Characteristics Of Romanticism In Literature

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“Romanticism” is a term used to describe the artistic and intellectual movement which was produced in Europe during the late 18th and early19th centuries. This movement was characterized by its individualist postulates and its independence in front of the classic rules. In literature, Romanticism appeared at the end of 18th century in The most important Romantic English poets are Lord Byron, Shelley, Keats, William Blake and William Wordsworth, about whom we are going to talk in this essay. In their poems they display many characteristics of Romanticism, such An emphasis on the emotions, I mean, an emotional and intuitive way of understanding the world. They explore the relationship between nature and human life. A stress on the importance…show more content…
Social and political idealism Love, which was one of the most important values for the Romantics. They proclaimed that the most important things are freedom, brotherhood and nature. William Wordsworth, English Poet Laureate from 1843 to 1850, is often credited with discovering the Romantic child. In presenting this figure in his poetry, Wordsworth created a cult of childhood during the Romantic era, which continued well into the Victorian period and beyond. Wordsworth’s conception of childhood is often thought to be a historical and apolitical, especially in contrast with William Blake's deeply contextualized presentation of children in his poetry. The Wordsworth an child most often acts as a child of nature. For Wordsworth, Nature is both the best parent and the best possible teacher for a child. Wordsworth's autobiographical Prelude, inspired by Rousseau's Emile, focuses on the development of the poet largely through his interaction with Nature beginning in childhood. There is little need for a human instructor when a child can go out into Nature and be taught by imagination and…show more content…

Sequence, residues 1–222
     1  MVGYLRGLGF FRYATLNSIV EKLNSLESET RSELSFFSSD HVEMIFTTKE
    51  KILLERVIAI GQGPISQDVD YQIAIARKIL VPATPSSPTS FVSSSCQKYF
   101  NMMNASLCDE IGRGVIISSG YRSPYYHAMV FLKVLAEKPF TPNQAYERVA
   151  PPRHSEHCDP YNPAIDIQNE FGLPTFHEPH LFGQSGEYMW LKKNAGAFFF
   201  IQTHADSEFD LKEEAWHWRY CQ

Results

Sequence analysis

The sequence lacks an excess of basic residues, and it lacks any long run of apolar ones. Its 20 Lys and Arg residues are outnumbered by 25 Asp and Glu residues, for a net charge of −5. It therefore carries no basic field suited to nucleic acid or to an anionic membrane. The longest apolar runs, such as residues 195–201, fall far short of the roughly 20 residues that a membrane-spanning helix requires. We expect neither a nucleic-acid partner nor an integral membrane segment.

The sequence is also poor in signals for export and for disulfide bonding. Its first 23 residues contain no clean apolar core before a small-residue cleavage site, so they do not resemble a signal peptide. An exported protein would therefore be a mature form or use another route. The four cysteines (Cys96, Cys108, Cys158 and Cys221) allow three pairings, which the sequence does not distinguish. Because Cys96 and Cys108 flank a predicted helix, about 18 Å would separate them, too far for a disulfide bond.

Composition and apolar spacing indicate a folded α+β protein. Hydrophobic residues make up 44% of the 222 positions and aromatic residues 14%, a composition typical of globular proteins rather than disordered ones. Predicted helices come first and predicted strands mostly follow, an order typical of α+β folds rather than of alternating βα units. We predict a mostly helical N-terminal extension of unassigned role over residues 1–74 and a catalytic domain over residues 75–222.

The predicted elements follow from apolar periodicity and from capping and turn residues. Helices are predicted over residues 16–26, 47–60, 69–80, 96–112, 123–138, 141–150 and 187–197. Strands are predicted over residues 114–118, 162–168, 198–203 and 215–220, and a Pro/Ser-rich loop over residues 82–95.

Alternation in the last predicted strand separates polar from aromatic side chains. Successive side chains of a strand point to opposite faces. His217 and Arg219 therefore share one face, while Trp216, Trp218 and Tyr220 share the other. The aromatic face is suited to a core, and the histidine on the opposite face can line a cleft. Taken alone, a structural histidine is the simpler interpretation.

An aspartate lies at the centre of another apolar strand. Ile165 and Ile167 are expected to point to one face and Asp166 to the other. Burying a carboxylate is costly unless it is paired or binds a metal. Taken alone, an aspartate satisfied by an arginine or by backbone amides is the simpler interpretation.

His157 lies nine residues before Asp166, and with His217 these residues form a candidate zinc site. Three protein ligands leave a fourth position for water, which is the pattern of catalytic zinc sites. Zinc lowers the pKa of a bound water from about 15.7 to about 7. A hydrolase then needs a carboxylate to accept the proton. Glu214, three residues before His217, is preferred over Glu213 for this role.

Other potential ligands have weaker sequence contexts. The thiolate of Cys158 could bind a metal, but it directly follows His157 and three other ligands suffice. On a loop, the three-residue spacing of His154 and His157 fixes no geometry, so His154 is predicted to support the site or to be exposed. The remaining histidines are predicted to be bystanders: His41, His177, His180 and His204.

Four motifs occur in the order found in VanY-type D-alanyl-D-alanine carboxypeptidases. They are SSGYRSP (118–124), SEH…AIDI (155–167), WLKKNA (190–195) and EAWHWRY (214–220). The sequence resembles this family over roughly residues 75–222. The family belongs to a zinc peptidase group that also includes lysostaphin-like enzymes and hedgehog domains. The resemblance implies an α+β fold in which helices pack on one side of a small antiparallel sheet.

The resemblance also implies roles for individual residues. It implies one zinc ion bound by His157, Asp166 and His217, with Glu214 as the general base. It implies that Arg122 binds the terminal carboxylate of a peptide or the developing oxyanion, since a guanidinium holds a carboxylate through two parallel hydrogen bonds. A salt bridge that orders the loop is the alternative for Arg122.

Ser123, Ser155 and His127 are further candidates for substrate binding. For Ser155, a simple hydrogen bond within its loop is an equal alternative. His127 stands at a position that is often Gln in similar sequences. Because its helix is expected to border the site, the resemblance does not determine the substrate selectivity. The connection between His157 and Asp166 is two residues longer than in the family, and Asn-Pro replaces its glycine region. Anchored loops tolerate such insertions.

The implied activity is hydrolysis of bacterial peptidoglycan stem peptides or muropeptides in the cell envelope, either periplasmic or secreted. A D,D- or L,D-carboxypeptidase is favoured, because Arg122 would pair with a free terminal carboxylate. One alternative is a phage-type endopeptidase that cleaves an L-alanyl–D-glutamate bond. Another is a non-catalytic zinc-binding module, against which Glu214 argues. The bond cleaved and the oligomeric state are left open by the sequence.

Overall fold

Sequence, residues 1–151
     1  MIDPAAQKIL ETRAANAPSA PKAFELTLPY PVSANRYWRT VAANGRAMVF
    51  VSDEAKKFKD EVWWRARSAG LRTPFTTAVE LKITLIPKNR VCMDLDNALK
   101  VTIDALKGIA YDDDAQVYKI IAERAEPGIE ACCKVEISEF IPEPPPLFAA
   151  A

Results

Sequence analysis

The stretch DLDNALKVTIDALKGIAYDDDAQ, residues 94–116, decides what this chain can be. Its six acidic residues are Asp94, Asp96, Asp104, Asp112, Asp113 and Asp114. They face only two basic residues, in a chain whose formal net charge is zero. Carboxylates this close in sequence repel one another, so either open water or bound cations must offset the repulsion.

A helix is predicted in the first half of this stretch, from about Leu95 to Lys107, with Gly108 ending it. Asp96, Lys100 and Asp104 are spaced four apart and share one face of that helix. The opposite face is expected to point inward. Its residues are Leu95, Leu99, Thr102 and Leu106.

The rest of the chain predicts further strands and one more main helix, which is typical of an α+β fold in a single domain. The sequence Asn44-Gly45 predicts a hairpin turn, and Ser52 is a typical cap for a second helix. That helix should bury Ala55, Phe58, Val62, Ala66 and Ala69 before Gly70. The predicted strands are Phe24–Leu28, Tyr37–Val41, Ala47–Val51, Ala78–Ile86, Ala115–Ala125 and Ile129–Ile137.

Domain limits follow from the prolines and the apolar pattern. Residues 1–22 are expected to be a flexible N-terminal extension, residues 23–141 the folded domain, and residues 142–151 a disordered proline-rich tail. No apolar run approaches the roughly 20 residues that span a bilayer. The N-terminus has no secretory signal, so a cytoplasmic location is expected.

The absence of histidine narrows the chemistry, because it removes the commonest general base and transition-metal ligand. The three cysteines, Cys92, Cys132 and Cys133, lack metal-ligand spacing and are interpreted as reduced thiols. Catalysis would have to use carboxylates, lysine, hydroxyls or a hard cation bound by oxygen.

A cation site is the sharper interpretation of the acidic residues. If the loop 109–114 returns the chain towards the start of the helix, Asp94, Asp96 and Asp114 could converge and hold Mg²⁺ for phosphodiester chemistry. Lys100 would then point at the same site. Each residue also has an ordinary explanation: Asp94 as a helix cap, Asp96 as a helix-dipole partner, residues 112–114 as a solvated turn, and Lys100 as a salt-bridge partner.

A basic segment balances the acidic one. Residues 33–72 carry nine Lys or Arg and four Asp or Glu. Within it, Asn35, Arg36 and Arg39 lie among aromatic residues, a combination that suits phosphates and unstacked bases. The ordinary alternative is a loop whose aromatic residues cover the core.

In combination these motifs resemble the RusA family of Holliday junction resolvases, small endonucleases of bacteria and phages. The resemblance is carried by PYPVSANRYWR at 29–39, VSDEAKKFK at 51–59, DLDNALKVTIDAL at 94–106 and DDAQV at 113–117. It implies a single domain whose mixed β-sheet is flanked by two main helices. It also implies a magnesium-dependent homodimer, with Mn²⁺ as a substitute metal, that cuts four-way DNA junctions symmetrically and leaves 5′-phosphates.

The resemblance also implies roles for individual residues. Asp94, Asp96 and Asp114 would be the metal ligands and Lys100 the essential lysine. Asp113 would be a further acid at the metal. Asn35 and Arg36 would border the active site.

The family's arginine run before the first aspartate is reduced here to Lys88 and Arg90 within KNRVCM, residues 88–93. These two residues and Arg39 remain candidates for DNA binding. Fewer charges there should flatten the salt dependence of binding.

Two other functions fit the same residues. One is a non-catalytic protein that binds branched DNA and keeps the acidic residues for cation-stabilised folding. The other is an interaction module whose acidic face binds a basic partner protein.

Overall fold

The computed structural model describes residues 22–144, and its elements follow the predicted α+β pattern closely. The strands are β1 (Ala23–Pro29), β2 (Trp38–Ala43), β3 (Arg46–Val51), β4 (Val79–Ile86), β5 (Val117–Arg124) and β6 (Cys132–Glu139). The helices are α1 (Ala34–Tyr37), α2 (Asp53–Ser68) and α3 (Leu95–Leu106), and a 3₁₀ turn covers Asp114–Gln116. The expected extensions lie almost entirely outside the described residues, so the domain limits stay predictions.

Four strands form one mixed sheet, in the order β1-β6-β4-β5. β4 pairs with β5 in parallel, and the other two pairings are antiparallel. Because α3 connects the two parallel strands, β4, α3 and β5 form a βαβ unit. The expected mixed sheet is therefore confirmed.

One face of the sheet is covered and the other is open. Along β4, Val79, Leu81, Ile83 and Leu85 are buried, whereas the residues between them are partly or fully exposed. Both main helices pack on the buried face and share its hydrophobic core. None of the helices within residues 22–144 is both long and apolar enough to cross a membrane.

In "My Heart Leaps Up When I Behold" he states "The Child is father of the Man." Childhood, ironically, begets the adult because childhood becomes the psychological and emotional foundation for adulthood. Yet, as adults we can never fully re-enter the psychological state of our childhood. In fact, the adult is forever exiled from the innocence of childhood. The perspective of the child is incredibly important for the adult but remains strangely inaccessible. Wordsworth's Intimations of Immortality" provides an example of the proximity and estrangement which he observes in the stages of adulthood and childhood. The adult speaker bemoans that "The things which I have seen I now can see no more." Yet, he has visions of a "Child of Joy" who enables him to "hear, I hear, with joy I hear!" However, once the vision ends the speaker is left asking "Whither is fled the visionary gleam? Where is it now, the glory and the dream?" The child is present but simultaneously unreachable for the speaker. In denying the child’s history, Jerome Mc Gann argues that Wordsworth depoliticizes the child by making him or her universal, rather than specific to the historical moment in which he is writing. The Wordsworth an child is the product of the adult's nostalgia and memory as much as he or she is the product of nature. He child is the father of man". He wants to say that present is the outcome of
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